In the late 19th century, Milton boasted three pharmacists: Thomas H. Douglass (who left the profession in 1895 to start the Douglass and White Shirt and Overall factory), John B. Welch, and William T. Starkey. By 1900, standards of education and practice had been developed by the American Pharmaceutical Association, the U. S. Pharmacopeia (a compendium of medicines) had been developed, and pharmacy schools had been established in major U. S. cities. The manufacturing of medicines was shifting away from formulation by individual pharmacists to mass production, pioneered by the Parke, Davis & Company of Detroit.
Despite these steps, a large number of drug stores were little better than shops that sold tens of thousands of drugs and tonics over the counter. Some these drugs were pure quackery and snake oil, but other remedies were actually of some value and are still used today. We don’t know the extent to which Milton’s druggists received a modern pharmacy education or if they attended a pharmacy school. However, The Milton Historical Society has several dozen medicine bottles from the 19th century in its collection, many of which still retain their labels; I will focus on a few of these as a sampling of some popular remedies in the Victorian era.
By far the most prevalent painkillers in the 19th century were opiates. They were available with or without prescription, in grocery stores, by mail order, or mixed in with countless patent medicines. In the last case, there was no notification on the label that the medicine contained an opiate; indeed, none of the ingredients were required to be listed until after 1906. One modern writer referred to 19th century America as a “drug fiend’s paradise.”
In a recent episode of the PBS series Mercy Street, set in Alexandria, VA in during the Civil War, the patrician southern belle Jane Green says to her servant, “Belinda, fetch my laudanum.” It was a harrowing day for her, and laudanum was a way to cope. One hears the name of that drug in almost any television series set in the 19th and early twentieth centuries, such as The Little House on the Prairie, The Knick, Ripper Street and Deadwood, to name only a few, as well as in innumerable works of fiction and films. It turns out that laudanum was an extremely popular – and highly addictive – analgesic, sold over the counter, and as ubiquitous as aspirin and Xanax are today. Laudanum, in fact, was taken for pain and anxiety, among many other things.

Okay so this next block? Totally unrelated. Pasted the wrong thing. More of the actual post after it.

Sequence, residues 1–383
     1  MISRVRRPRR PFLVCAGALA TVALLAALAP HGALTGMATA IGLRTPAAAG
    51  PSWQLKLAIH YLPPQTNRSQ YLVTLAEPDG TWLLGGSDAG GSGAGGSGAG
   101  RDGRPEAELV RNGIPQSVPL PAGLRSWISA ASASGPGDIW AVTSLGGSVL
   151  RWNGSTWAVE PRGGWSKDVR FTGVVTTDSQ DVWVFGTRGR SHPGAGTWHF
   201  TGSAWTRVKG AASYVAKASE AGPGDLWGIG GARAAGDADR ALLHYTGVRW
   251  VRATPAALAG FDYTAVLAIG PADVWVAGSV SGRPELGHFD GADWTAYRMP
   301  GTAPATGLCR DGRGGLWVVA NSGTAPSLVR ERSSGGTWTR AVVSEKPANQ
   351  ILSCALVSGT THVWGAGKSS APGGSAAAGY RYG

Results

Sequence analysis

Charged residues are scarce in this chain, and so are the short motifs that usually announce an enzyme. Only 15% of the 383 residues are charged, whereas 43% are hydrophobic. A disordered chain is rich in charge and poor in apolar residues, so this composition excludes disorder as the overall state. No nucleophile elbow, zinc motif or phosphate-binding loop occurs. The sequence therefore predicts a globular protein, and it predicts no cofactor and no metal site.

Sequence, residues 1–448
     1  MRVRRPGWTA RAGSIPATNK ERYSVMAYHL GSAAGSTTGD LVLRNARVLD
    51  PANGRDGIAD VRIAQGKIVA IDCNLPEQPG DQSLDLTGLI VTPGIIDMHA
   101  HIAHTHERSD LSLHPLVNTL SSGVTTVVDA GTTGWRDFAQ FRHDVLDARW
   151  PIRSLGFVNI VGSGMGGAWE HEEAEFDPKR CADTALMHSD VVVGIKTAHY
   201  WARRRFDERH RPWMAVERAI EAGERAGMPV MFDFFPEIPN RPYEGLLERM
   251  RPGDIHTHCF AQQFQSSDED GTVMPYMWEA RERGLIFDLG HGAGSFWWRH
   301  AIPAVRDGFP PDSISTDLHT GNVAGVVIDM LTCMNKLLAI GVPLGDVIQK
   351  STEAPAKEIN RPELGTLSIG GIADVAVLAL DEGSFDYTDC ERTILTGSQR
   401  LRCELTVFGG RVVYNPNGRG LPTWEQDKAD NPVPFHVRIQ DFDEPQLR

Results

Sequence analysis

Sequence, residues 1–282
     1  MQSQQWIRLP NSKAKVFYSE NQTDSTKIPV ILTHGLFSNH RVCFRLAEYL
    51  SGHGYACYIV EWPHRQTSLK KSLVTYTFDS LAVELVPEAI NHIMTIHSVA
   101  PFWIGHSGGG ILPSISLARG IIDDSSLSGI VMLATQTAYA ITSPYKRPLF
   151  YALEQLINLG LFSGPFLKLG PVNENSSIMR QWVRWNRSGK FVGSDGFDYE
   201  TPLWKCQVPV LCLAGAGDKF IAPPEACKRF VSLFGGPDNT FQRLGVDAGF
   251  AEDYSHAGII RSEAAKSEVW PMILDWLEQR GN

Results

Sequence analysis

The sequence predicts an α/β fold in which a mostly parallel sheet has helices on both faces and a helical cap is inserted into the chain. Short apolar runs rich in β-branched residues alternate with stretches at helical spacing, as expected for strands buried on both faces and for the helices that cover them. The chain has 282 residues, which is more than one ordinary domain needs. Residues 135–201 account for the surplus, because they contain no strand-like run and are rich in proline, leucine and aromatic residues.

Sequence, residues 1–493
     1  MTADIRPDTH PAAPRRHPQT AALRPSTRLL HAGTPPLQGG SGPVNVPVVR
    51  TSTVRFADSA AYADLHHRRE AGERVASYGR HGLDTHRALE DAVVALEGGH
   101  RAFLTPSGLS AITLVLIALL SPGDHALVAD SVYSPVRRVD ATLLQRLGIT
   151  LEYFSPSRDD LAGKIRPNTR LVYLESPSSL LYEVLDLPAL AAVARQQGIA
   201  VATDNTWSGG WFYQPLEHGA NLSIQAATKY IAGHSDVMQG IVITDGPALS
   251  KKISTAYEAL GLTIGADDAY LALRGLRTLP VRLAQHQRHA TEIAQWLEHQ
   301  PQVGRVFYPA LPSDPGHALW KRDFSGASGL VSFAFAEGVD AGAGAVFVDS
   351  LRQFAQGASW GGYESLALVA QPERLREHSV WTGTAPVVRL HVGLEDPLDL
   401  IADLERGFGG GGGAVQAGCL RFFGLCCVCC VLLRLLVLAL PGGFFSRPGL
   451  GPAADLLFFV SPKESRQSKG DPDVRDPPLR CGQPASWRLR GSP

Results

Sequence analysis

Laudanum is a 10% solution of powdered opium in alcohol: potent, addictive, and believed by many to be a cure-all, as can be seen from the Sears Roebuck advertisement above. Known since the 15th century, it provided some relief for pain, coughing and severe diarrhea, which was a boon at a time when tuberculosis, cholera epidemics and widespread rheumatism brought suffering to many. It was used as a sleeping aid, for colds, flu, menstrual cramps and infant colic. In the 19th century it became an ingredient in many patent medicines and was mixed with almost anything imaginable. The list of famous persons who were addicted to it is long and impressive: Mary Todd Lincoln, Samuel Taylor Coleridge , and Elizabeth Barrett Browning were seriously addicted, while Bram Stoker, Charles Dickens, George Eliot, Percy Bysshe Shelley, and Lord Byron were known regular users who extolled the drugs euphoric virtues.
After 1914, opium and its derivatives were increasingly regulated, putting an end to the practice of secretly mixing laudanum with other substances to sell as patent medicine. Physicians could still prescribe it for treatment, but it ceased to be an over-the-counter purchase. The drug’s only use today is as a treatment for severe diarrhea, and is likely to be phased out of that usage soon.
A close relative of laudanum, paregoric has been familiar to Europeans and Americans since the 17th century. The drug’s name comes from the Greek word παρηγορικο, which means to soothe over (in oratory); the name is apt for a drug that has analgesic, antidiarrheal, and antitussive properties. As with laudanum, paregoric is a tincture of opium powder, but is 4% opium as opposed to 10% in laudanum. In addition, anise oil, benzoic acid, camphor, and glycerin are added to the tincture. As a child in the 1950’s, I remember being given paregoric whenever I had a bad bout of stomach flu; if I recall correctly, the drug did what it was supposed to do, although it tasted vile.
The drug was a household remedy throughout the 18th and 19th century, as common as aspirin today, and was used not only for severe diarrhea and coughs, but also to soothe infants with teething pains and to calm fretful children. After 1914, paregoric fell under the same Federal regulations as all drugs containing opiates, but was available without prescription in the U. S. until 1970, when it was categorized as a Class III controlled substance. It is still available by prescription today, and has found yet another use: the treatment of babies born to opiate-addicted women.
Extract of Lactucarium (aka Lettuce Opium)
One of the oddest of 19th century drugs was Lactucarium Extract, which was obtained from the milky white secretion of the Lactuca Virosa plant – commonly known as lettuce. “Lettuce Opium,” as it is sometimes referred to, has been known since the time of the ancient Egyptian as an analgesic and mild euphoric. Introduced into the United States in the 19th century, it was thought of as an alternative to laudanum and other opiate-based drugs, although less potent.
Studies in the twentieth century were highly critical of the efficacy of commercial lactucarium; the alkaloids in the substance that have analgesic effects were unstable and did not last long in commercial formulations. Its use has largely faded away today, but in the 1970’s it was touted as a legal psychotropic drug by hippies.